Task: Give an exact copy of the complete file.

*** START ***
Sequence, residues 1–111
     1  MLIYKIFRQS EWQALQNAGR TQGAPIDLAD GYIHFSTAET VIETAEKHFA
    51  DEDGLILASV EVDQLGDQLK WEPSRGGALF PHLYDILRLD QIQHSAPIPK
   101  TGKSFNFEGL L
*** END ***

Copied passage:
Sequence, residues 1–111
     1  MLIYKIFRQS EWQALQNAGR TQGAPIDLAD GYIHFSTAET VIETAEKHFA
    51  DEDGLILASV EVDQLGDQLK WEPSRGGALF PHLYDILRLD QIQHSAPIPK
   101  TGKSFNFEGL L